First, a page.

Box Score | FanGraphs Winning Percentage

Tonight was the 2016 home opener for the NL Central favorite Chicago Cubs.  Brandon Finnegan did his best to send all those fans home in a bad mood, but the Reds bullpen (with an assist by manager Bryan Price) decided to be friendly to the Chicago faithful.  Addison Russell’s home run in the 8th put the Cubs up 5-3 and they never looked back.

The Good

Finnegan pitched 6 2/3 no-hit innings.   His no-hit bid was broken up by David Ross with 2 outs in the bottom of the 7th inning on Finnegan’s 107th pitch of the game.  He finished the night giving up 2 ER (more on that later) on 1 hit, walking and striking out 5.  He was given a no decision.

Billy Hamilton hit his first home run of 2016.  That’s pretty neat.  It would be nice to see how Billy could do if he stopped wasting most of his time practicing from the unnatural left side of the plate.

Adam Duvall doubled (his 3rd in 2 days) and made a fantastic diving catch in the 1st inning.  If early returns are any indication of future returns, the Duvall/Schebler platoon in left should be just fine this year and perhaps next.

The Bad

Zack Cozart appeared to have some discomfort after his single leading off the game.  He stayed in the game until the bottom of the 4th when he was lifted for Ivan DeJesus.  Later in the game we found out it wasn’t his surgically-repaired knee causing the discomfort, but tightness in his right quad above his surgically-repaired right knee.  Hopefully Zack will be OK with a little rest.

With the bases loaded, Chicago native Tony Cingrani was called upon to retire Jason Heyward and preserve the Reds 3-0 lead.  After getting ahead of Heyward 0-2, Cingrani left a fastball in the middle of the plate and Heyward drove in two runs. Sometimes pitchers miss their spots, but missing in the middle of the plate in an 0-2 count is pretty poor.  In the following inning, Cingrani only retired one of the three batters he faced, putting the tying and go-ahead runs on base for Jumbo Diaz. What could go wrong?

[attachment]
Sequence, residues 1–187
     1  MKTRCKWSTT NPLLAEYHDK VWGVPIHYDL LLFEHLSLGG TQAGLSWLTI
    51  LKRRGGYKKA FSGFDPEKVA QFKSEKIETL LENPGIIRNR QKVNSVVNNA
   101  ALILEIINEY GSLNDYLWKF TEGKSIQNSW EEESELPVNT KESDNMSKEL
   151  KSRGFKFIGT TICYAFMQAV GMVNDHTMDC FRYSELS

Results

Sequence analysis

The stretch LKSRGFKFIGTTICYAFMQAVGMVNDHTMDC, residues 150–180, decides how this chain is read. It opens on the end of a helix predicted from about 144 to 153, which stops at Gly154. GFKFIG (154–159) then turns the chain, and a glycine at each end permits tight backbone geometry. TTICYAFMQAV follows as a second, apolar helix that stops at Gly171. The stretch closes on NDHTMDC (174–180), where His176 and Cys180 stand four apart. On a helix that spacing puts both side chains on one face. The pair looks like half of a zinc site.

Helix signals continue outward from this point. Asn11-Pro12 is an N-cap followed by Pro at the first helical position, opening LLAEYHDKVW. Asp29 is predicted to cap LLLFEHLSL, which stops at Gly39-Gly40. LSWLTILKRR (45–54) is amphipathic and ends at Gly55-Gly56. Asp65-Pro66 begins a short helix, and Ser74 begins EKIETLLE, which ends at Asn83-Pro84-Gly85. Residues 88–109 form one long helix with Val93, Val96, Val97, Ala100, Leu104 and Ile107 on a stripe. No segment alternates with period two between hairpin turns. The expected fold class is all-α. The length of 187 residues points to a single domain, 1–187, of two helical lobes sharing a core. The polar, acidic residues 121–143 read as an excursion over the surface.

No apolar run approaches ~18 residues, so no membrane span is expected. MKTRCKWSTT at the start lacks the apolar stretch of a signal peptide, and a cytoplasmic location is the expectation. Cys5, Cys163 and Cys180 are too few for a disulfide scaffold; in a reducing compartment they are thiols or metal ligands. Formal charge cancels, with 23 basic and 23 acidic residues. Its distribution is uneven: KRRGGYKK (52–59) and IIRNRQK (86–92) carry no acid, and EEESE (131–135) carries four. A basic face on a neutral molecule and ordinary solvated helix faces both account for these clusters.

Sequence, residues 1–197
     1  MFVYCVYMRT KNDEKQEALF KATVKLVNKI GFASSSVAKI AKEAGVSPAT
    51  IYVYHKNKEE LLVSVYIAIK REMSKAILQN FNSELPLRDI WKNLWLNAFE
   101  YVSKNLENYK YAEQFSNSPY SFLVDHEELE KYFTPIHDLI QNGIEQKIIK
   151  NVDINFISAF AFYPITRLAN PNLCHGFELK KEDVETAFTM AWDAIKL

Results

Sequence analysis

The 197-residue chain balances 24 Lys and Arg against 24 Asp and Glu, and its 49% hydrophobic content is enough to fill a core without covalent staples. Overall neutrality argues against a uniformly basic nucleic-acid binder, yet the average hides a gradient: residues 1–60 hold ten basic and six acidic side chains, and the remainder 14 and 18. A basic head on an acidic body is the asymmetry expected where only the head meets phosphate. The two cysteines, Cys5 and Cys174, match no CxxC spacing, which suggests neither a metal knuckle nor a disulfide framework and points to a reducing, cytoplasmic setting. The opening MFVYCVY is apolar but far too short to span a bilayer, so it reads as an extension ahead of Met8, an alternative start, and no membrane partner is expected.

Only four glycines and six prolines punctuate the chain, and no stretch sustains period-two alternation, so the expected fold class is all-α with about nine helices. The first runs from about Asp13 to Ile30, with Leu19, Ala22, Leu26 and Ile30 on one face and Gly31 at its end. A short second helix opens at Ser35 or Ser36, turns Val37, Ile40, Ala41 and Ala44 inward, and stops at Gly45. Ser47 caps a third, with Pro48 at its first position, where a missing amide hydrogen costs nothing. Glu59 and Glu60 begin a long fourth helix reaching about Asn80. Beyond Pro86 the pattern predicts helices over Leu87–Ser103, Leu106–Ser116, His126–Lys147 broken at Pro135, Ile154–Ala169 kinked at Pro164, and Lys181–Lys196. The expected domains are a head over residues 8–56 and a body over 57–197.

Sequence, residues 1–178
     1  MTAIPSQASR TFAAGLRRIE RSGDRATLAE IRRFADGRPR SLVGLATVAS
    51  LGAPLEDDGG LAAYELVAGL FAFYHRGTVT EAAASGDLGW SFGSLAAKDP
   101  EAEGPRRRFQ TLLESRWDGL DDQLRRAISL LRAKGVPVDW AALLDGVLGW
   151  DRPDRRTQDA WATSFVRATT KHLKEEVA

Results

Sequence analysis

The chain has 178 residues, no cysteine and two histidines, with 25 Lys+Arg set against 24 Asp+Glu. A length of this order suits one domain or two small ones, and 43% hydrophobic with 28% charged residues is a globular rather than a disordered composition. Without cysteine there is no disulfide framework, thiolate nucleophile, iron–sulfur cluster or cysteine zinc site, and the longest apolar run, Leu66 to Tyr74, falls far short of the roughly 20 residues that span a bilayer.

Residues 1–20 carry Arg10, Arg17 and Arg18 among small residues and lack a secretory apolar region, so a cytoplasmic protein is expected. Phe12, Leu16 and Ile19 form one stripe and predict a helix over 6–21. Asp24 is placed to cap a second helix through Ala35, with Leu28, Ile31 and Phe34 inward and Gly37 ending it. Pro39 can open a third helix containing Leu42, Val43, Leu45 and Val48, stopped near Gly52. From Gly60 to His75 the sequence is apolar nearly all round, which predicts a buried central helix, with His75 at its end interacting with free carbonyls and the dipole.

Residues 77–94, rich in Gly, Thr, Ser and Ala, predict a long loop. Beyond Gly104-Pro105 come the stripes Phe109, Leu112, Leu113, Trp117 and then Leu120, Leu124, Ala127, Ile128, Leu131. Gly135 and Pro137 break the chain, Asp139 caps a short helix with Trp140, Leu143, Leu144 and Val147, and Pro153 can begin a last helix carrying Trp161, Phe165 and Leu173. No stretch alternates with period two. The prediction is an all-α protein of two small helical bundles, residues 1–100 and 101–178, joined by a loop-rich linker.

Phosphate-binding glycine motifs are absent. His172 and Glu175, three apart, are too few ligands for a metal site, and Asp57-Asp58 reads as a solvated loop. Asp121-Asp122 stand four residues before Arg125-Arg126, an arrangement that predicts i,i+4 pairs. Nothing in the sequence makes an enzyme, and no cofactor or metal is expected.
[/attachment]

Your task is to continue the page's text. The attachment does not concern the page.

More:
Diaz gave up a home run to Addison Russell on his first pitch in the game.  Relievers are going to give up home runs sometimes, but given the timing and how the night played out, I had to put Jumbo in “The Bad” section.

Adventures in Managing

In the 7th, Brian Price called for a sacrifice bunt with Duvall on 2nd and Finnegan at the plate.  Finnegan has safely hit in both his starts this year, perhaps alluding to a decent batting ability for a pitcher.  Assuming the sacrifice was successful, the bunt would lower run expectancy for the inning from 1.10 to 0.95.   Since sacrifices aren’t always successful, that has to be weighed in.  A poor decision, in my opinion, by Price.

While Finnegan was struggling to maintain control of his no-hit bid in the bottom of the 7th inning, the bullpen was devoid of action.  Knowing that Finnegan would likely need to be pulled quickly, Price should have had a replacement warming and ready to go.  Instead, Price waited until Finnegan gave up a hit, causing Finnegan to pitch to an additional batter who he promptly walked on 4 pitches.  That runner would eventually come around to score.

Adventures in Officiating

Caleb Cotham was called in to relieve Finnegan.  He only faced one batter, Dexter Fowler, and walked him.  Here is what PITCHfx has to say about that pivotal walk:


Looks to me like Cotham should have gotten at least one of those two calls.  Instead, he got neither.

In the 9th inning, Hector Rondon struck out Scott Schebler looking to end the game.  About that…


Perhaps home plate umpire John Tumpane had some Giordano’s pizza waiting on him in the clubhouse.

Adventures with StatCast

Adam Duvall’s double (his 3rd in 2 days) left the bat at 108mph.  Last season, the Reds as a team hit 48 balls at 108mph or harder. Frazier led the way with 22, followed by Bruce (14), Boesch (5), Votto (3), and Byrd, Duvall, Phillips, and Suarez with 1 each.

Billy Hamilton’s home run left the bat at 96mph.  That is a good illustration of how trajectory is far more important than raw velocity. For reference, Brandon Finnegan’s single was hit at 99mph.

Votto’s singles were rocked at 104mph and 103mph.  His slow start might have some fans worried, but rest assured, there is nothing wrong with Joey Votto.


Lester Face

Perhaps the best silver lining from this tough loss is that Billy Hamilton gave us a gift that will keep on giving: